This print (© The Trustees of the British Museum) is in the collections of the British Museum, created by Robert Dixon (1780-1815) in 1810. Dixon was a Norwich man, who lived in Tombland for much of his life, working as a set painter at the Theatre Royal and also earning money house painting. He was trained at the Royal Academy, also working as an architectural draughtsman, specialising in landscapes from around Norfolk and particularly coastal scenes.
The print was purchased from James Reeve in 1902, a curator of the museum who collected works by members of the Norwich School of artists. Looking at the print, not much has really changed over the last 200 years, although fortunately the cows have been moved away from the churchyard. That’s the last thing I’d want when meandering around looking at gravestones.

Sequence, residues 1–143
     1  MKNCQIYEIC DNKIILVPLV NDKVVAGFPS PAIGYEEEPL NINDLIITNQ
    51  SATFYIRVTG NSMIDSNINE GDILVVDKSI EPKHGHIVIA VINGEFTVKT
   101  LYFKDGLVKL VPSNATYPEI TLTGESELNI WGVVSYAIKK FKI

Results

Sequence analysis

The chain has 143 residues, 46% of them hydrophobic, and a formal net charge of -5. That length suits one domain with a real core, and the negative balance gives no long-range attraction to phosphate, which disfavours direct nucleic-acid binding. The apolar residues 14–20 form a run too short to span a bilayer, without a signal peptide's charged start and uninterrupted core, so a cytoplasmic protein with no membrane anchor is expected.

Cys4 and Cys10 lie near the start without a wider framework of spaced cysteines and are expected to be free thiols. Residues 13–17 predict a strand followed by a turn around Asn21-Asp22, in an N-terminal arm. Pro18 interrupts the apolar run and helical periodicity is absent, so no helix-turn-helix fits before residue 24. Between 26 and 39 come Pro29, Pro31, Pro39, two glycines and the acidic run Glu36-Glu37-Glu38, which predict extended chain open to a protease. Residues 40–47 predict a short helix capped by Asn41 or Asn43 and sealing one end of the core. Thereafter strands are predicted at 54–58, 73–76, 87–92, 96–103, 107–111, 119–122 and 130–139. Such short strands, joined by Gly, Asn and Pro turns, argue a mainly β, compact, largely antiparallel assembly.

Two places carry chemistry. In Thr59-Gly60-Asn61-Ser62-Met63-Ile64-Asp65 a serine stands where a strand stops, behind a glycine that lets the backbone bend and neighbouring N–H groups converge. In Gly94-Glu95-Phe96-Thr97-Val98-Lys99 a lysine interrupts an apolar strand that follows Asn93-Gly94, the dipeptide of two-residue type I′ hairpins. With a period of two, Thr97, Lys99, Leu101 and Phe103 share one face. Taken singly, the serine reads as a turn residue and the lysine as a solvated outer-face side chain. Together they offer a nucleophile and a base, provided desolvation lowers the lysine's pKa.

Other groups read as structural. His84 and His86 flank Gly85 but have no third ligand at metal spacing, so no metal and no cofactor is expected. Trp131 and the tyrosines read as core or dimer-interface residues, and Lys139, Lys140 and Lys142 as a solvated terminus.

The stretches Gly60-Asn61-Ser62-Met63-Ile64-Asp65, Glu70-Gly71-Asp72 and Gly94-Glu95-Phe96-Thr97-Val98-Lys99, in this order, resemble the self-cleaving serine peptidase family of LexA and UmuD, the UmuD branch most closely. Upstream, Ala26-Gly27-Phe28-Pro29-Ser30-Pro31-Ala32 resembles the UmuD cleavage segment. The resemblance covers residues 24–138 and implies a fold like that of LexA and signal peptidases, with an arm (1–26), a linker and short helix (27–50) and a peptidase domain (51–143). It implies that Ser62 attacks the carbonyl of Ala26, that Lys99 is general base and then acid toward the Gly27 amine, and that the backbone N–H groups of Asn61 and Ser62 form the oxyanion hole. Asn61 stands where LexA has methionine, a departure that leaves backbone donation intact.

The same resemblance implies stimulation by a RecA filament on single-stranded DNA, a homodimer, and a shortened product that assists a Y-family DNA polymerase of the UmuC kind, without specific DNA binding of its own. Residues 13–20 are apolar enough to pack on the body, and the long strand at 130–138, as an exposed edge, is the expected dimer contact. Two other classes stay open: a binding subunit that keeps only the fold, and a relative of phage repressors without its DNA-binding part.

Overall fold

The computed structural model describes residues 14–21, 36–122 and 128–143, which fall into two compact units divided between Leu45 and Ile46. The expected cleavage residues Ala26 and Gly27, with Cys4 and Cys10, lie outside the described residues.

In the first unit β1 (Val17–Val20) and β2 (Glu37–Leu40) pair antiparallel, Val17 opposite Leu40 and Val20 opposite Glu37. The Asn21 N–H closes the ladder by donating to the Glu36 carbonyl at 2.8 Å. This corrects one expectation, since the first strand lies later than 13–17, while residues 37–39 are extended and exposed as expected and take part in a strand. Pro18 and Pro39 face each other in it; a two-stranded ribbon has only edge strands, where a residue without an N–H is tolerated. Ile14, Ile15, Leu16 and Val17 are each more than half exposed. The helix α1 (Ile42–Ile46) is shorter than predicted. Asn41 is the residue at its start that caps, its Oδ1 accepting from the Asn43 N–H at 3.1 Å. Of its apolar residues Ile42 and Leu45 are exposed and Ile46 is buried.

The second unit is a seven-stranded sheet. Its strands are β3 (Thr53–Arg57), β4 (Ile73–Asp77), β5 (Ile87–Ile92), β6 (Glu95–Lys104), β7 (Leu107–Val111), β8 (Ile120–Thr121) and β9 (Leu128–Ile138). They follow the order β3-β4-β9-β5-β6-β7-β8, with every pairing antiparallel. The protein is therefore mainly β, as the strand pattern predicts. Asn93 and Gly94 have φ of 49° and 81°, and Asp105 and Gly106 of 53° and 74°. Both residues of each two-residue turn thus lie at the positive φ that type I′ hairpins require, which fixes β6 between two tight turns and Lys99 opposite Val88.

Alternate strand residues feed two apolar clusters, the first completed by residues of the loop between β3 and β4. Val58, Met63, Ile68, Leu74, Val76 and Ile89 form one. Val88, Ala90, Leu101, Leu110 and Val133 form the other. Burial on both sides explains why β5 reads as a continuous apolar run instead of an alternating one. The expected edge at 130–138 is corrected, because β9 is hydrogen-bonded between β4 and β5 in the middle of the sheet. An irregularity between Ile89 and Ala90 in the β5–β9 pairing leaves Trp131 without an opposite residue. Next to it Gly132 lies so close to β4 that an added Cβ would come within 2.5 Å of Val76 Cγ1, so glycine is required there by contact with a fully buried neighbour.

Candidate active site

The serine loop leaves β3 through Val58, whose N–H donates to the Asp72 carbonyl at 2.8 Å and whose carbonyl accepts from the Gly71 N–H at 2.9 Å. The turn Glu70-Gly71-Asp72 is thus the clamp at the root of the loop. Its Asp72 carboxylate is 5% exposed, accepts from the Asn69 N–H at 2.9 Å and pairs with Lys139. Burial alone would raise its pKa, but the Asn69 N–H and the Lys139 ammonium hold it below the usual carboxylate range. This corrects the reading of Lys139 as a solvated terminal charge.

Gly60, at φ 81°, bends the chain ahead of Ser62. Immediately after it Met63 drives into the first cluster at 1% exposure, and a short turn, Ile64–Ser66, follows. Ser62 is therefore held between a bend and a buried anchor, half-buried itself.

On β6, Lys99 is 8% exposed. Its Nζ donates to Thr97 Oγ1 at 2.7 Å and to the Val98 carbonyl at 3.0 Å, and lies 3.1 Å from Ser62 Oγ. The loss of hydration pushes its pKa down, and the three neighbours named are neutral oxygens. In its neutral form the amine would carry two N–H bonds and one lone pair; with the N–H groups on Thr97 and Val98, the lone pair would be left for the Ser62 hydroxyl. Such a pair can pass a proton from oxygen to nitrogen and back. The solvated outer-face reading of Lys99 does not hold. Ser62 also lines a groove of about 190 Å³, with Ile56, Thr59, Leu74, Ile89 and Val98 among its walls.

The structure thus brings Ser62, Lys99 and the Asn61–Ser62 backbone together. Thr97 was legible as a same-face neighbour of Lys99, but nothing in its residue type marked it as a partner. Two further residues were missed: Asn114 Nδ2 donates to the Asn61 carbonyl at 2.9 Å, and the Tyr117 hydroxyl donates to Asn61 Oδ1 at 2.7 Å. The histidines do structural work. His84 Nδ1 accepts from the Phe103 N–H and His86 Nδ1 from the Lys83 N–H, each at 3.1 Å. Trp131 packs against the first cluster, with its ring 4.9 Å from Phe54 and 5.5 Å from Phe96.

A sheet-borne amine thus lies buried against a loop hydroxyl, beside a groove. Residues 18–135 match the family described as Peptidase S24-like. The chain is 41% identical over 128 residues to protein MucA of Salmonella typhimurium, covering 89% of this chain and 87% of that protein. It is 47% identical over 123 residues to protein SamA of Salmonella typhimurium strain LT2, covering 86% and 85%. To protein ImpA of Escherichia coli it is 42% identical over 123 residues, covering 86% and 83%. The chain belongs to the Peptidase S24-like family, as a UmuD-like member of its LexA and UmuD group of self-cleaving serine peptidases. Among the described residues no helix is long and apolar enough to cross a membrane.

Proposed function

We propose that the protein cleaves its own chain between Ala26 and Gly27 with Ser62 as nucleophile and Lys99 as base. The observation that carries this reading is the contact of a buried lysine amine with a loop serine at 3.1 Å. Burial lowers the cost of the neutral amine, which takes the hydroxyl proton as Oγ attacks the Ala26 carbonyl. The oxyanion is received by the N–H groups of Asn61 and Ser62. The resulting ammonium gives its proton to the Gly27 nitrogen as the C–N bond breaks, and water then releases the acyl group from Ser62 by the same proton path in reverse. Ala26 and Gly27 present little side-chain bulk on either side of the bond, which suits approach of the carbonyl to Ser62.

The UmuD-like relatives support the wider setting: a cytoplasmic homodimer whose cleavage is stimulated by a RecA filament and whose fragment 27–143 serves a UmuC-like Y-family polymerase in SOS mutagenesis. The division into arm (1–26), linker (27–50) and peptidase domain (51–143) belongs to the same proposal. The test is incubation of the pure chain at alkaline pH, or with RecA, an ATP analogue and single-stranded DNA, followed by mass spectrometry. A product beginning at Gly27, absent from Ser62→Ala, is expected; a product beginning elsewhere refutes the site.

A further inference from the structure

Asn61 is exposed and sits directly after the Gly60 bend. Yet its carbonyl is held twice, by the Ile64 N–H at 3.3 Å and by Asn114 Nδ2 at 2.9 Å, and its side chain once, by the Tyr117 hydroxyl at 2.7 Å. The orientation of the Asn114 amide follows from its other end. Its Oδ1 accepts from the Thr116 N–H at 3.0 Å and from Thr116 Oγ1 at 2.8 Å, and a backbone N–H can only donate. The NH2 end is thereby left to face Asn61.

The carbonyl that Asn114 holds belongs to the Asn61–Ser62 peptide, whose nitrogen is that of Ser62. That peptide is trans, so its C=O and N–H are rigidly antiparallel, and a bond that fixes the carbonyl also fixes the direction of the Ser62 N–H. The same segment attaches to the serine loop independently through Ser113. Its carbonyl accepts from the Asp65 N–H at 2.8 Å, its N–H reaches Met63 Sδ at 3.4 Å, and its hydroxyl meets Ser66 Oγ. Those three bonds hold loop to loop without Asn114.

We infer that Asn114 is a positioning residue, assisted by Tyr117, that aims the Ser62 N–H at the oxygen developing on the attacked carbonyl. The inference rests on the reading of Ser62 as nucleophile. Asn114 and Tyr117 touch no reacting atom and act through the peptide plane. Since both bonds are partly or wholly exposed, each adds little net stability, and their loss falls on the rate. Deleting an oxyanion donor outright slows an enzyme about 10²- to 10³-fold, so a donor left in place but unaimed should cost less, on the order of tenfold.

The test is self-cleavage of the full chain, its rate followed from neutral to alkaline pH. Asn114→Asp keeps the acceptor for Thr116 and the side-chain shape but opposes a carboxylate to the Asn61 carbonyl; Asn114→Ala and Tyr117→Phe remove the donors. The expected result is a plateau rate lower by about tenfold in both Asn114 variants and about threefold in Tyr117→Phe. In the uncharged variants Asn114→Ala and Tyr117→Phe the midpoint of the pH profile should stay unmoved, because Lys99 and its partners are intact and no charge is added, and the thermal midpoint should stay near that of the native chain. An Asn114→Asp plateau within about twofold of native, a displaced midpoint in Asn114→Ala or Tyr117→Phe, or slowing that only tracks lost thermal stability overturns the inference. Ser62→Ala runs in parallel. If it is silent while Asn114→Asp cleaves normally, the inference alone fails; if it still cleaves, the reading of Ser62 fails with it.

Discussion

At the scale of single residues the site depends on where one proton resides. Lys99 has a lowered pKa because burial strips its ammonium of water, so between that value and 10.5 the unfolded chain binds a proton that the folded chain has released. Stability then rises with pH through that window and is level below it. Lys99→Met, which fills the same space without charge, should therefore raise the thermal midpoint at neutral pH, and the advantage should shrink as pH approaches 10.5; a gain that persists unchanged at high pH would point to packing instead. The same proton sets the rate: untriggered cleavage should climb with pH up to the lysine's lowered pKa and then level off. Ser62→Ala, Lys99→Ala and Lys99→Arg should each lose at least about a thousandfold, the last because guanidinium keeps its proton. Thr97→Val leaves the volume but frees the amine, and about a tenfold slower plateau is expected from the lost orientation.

Here’s what the tower looks like today.
And the arch which is on the print, still in nearly the same condition, a testament to how well it must have been built.